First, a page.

Baroness Paisley: my husband would not have created this mess

Widow of late Ian Paisley criticises DUP leader Arlene Foster over political impasse

 Eamonn Mallie with Ian Paisley and  Baroness Eileen Paisley in 2014: Baroness Paisley urged leaders on both sides to ‘confess  your sin and confess your mistakes’

Eamonn Mallie with Ian Paisley and Baroness Eileen Paisley in 2014: Baroness Paisley urged leaders on both sides to ‘confess your sin and confess your mistakes’


Baroness Eileen Paisley has criticised DUP leader Arlene Foster and said her late husband Ian Paisley and Martin McGuinness would not have created the current political “mess in the first place”.

Baroness Paisley said on Thursday Ms Foster should have stood aside temporarily as first minister more than a year ago over the Renewable Heat Incentive scheme, which was one of the triggers for the late Mr McGuinness standing down as deputy first minister.

The so-called cash-for-ash scheme, which could cost Northern Ireland taxpayers hundreds of millions of pounds, was set up in November 2012 and run by the North’s Department of Enterprise, Trade and Investment when Ms Foster was its minister.

“If you are a minister and someone in your department is wrong, the buck stops at your desk,” said Baroness Paisley.

“You have got to do what is right and stand down from your position until the matter is sorted out,” she told BBC Radio Foyle.

She said if today’s politicians “had followed the example that the late Martin McGuinness and my husband set for them this would not have happened”.

On the deadlock over the proposed Irish Language Act, Baroness Paisley said she supported neither an Irish Act nor an Ulster Scots Act. She didn’t believe there was a need for “a standalone act on any language because as far as I can see there is no barrier to the Irish language in Northern Ireland”.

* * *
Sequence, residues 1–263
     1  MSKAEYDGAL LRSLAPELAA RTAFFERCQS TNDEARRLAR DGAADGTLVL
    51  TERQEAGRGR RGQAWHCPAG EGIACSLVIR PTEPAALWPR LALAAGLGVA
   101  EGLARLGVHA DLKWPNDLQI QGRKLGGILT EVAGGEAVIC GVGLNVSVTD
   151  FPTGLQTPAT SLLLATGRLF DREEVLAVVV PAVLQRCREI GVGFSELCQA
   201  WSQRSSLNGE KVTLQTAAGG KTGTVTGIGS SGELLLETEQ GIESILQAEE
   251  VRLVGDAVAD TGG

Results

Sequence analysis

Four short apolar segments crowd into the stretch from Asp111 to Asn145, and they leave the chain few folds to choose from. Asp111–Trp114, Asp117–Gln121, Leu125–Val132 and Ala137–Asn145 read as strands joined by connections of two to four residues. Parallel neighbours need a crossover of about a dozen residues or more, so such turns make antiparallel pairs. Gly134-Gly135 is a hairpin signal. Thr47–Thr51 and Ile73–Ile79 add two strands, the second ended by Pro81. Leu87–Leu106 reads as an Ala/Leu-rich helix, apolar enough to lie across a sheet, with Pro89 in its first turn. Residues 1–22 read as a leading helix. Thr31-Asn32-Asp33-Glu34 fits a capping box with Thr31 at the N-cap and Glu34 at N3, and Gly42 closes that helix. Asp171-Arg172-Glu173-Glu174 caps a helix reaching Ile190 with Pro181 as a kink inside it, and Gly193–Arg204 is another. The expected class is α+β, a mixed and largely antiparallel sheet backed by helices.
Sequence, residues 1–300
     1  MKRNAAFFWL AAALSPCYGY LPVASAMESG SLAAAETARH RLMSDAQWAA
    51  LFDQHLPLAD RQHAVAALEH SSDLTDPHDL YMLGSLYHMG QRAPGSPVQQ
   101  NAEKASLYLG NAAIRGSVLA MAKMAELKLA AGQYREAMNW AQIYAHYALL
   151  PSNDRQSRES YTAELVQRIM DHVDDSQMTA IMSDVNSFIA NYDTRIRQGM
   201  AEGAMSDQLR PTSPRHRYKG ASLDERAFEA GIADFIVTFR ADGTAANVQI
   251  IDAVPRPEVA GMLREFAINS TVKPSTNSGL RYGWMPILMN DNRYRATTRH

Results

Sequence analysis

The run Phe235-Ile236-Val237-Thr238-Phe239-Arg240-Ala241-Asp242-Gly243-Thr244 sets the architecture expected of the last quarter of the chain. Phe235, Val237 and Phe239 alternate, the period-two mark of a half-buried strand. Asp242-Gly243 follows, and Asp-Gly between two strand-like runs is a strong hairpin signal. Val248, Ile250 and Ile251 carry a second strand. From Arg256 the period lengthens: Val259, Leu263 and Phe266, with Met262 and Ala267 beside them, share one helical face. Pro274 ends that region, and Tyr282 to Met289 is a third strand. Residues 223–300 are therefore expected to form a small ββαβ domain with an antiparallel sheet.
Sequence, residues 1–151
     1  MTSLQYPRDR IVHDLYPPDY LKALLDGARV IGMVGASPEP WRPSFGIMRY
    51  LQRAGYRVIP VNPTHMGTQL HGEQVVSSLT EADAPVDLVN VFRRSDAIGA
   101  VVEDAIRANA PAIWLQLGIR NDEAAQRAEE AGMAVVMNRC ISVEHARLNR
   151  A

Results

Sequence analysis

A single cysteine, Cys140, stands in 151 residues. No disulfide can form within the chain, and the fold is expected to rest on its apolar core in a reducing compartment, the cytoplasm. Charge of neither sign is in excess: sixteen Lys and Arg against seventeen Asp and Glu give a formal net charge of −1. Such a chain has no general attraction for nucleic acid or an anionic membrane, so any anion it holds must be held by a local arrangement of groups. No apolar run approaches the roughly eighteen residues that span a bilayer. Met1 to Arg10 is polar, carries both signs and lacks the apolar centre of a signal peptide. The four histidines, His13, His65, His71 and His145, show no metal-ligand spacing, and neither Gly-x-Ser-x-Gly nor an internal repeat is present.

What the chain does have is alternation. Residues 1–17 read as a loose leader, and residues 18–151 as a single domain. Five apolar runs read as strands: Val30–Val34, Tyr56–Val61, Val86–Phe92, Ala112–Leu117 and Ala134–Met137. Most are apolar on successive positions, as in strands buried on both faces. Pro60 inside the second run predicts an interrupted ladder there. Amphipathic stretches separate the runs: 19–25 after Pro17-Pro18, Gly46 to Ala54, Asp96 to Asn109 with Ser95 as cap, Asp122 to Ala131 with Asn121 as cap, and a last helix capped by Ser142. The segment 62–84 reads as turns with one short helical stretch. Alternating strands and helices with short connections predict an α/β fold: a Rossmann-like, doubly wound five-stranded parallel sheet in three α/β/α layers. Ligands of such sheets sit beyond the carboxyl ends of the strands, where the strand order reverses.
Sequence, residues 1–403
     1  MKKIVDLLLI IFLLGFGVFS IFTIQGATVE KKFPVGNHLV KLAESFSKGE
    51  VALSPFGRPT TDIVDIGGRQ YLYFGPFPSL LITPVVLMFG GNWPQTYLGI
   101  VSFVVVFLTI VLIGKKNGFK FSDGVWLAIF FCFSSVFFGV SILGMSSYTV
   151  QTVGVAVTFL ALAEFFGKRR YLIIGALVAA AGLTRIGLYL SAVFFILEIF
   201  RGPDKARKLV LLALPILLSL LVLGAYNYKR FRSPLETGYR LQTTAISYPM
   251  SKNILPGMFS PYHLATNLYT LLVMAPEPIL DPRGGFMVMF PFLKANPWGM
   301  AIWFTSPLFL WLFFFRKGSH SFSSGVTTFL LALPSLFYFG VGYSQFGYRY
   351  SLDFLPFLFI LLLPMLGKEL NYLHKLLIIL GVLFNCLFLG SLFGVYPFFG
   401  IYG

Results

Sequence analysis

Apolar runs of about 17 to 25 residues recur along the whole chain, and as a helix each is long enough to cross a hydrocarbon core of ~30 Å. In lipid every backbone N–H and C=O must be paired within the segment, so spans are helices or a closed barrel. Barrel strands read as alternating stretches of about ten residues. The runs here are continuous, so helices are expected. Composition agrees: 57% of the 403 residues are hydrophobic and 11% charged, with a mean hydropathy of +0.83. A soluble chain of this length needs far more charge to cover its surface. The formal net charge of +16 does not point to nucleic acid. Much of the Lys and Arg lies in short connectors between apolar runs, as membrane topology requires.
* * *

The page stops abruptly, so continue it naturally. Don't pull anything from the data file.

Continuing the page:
She said the current political situation was “heartbreaking” and “politicians need to face up to facts”.

There was a need for political leaders to “confess sin and confess mistakes”. There was a requirement to “confess where they’ve gone wrong – and they have gone wrong” and to “cut out all nonsense . . . and come back and start anew. We all need proper government at this time.”

The big issue was that “people do not face up to the truth; they need to be honest with one another”.

She said the DUP was as much to blame as Sinn Féin for the current impasse.

Asked if she included the DUP in people not facing up to the truth, she said: “That’s right. They’re hiding from the truth. And you must be absolutely honest with one another because there’s only one way to be honest when you’ve made a mistake and it’s to confess your sin and confess your mistakes because no one is perfect.

“If that had been done at the beginning, there would have been a very different situation than the one we are in at the minute. We would not be in the mess we are in,” she added.

Meanwhile, as the British and Irish governments seek to determine if there is any possibility in the weeks ahead of resurrecting the collapsed DUP-Sinn Féin talks, the SDLP leader Colum Eastwood has urged the British and Irish governments to go over the heads of the parties to resolve outstanding disputed matters.

“I am calling on the British and Irish governments, as part of the intergovernmental conference, to agree a package of legislation and implement it,” he said at Trinity College, Dublin on Thursday.

Draft accommodation

He said such a package should include much of the draft accommodation that was agreed between the DUP and Sinn Féin and contained in the draft agreement text leaked to the Eamonn Mallie website.

“That means legislation for an Irish language Act and an Ulster Scots Act,” added Mr Eastwood. “It should include the establishment of legacy bodies and the release of inquest resources. And I’m also proposing that it should include reform of the petition of concern so that progressive measures such as marriage equality can finally be introduced in the North.”

And, as the deadlock continues, another example of how contentious is the row over the Irish language was the vandalising of the Irish language element of a bilingual sign outside Caledon, Co Tyrone. A sign near Portglenone, Co Tyrone was similarly defaced in December.

Local Sinn Féin Assembly member Colm Gildernew, condemning the incident, said: “Occurrences like this bring into focus the need for protection of Irish Language rights through Acht na Gaeilge.”